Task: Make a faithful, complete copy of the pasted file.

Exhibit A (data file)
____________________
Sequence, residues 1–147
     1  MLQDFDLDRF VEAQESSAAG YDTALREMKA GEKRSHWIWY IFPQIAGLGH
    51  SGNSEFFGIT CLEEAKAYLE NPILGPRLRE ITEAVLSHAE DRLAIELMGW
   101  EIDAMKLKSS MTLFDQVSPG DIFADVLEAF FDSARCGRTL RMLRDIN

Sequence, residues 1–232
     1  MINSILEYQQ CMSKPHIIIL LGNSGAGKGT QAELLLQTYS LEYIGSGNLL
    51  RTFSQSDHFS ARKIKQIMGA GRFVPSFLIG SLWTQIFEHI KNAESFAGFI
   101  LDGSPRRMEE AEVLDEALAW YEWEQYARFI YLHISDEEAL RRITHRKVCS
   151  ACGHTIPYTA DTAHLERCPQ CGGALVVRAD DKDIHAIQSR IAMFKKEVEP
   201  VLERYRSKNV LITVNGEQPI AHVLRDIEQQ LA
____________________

Sequence, residues 1–147
     1  MLQDFDLDRF VEAQESSAAG YDTALREMKA GEKRSHWIWY IFPQIAGLGH
    51  SGNSEFFGIT CLEEAKAYLE NPILGPRLRE ITEAVLSHAE DRLAIELMGW
   101  EIDAMKLKSS MTLFDQVSPG DIFADVLEAF FDSARCGRTL RMLRDIN

Sequence, residues 1–232
     1  MINSILEYQQ CMSKPHIIIL LGNSGAGKGT QAELLLQTYS LEYIGSGNLL
    51  RTFSQSDHFS ARKIKQIMGA GRFVPSFLIG SLWTQIFEHI KNAESFAGFI
   101  LDGSPRRMEE AEVLDEALAW YEWEQYARFI YLHISDEEAL RRITHRKVCS
   151  ACGHTIPYTA DTAHLERCPQ CGGALVVRAD DKDIHAIQSR IAMFKKEVEP
   201  VLERYRSKNV LITVNGEQPI AHVLRDIEQQ LA